Misotheism <miss-oh-‘thee-is-um> (n) - The hatred of gods or of the monotheistic God.
Originates from Greek, the prefix miso- derived from misos-, meaning hate or enmity. Theism is then derived from theos, meaning god.
“After outlining his plans to invade the primum mobile, slay all the choirs of the angels, and put God on trial for crimes against humanity, we at last realized that his misotheism had reached its terrifying peak.”
Antithesis <an-‘tith-eh-sis> (n) - Something that opposes, or the contrast between differing subjects. It also refers to something that is the complete opposite of something else. In rhetoric, it is a figure of speech that puts two sentences - or even parts of the same sentence - that are opposed to one another in idea side by side to highlight the contrast. It can also refer specifically to that second opposing sentence or portion.
Antithesis comes from late Latin, so derived from the Greek antitithenai - the prefix anti- meaning against, tithenai meaning to place, or to set.
“Allowing ourselves to be controlled by the archaic laws set forth to keep us narrow minded and blind represents the very antithesis of progress.”
Defenestration (n) <dee-fen-uh-‘stray-shun> - The act of hurling something, especially people, out of a window. Occasionally used to mean a swift dismissal or expulsion.
It’s etymology is derived from Latin. The prefix de- means away from, or out of, and implies removal or separation. Next comes fenestra, which is Latin for window. Finally the suffix -tion which is used to turn a verb into a noun, derived from -tionem - being the Latin accusative form of -tio, similarly used to form nouns as condition or action.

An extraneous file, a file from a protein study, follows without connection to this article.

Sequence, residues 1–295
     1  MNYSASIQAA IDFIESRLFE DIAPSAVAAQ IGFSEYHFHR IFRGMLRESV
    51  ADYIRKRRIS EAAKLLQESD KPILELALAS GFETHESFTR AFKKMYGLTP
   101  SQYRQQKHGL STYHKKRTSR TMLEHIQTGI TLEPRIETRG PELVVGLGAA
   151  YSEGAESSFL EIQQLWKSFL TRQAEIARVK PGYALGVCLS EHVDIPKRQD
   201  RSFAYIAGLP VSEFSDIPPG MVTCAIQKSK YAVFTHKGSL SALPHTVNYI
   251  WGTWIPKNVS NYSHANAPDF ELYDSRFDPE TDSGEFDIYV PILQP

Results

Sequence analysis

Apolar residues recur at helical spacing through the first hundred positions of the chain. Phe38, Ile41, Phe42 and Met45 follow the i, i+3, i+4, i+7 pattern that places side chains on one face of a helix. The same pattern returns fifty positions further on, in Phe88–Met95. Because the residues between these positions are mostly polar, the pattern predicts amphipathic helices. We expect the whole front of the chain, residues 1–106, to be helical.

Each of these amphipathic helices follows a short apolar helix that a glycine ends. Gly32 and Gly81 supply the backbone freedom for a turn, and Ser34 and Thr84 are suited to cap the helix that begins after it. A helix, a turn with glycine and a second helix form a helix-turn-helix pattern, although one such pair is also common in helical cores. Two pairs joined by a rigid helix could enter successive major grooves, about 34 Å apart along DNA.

“Had his wife not arrived home that very instant, Geoffrey would have defenestrated his infant son for vomiting on his favorite shirt.”
Apotheosis (n) <uh-‘pa-thee-oh-sis> - The exaltation to divinity, to become a god. Similarly used as the elevation to the highest rank or possible status, glorification. Also, the quintessential example of something.
Derived from the Greek word apotheoun, meaning to make someone a god. Apotheoun itself broken down into the prefix Apo-, here meaning to change, and the suffix -theos, which means a deity or god. Finally -osis, which implies the state of or condition.
“After reading the Christian Bible, Alexander was convinced that he could achieve some manner of apotheosis by stripping naked, wearing a diadem of thorns, and nailing himself to some wood - which was soon proven wrong by his own efforts.”
Deicide (n) <’day-uh-side> - The act of killing a god or a symbolic effigy to such a being. Also, the killer or destroyer of a god. Deicidal (adj).
The prefix Dei- is derived from the Latin deus, meaning god, and the suffix -cide comes from the Latin suffix of -cidium, meaning to cut out or to chop.
“It was decided that if mankind was to survive, the threat of God’s last judgment would be dispelled by deicide as they pointed their terrifying weapons of war toward heaven’s gate.”
Abattoir (n) - <’ab-uh-twar> An alternative and decidedly more charming word for a Slaughterhouse, where animals are processed into meat for human consumption. Derived from the french abattre, meaning to fell.
“One by one the children were lead into the abattoir, blissfully unaware that they too would soon be carved and gutted for the masses to devour.”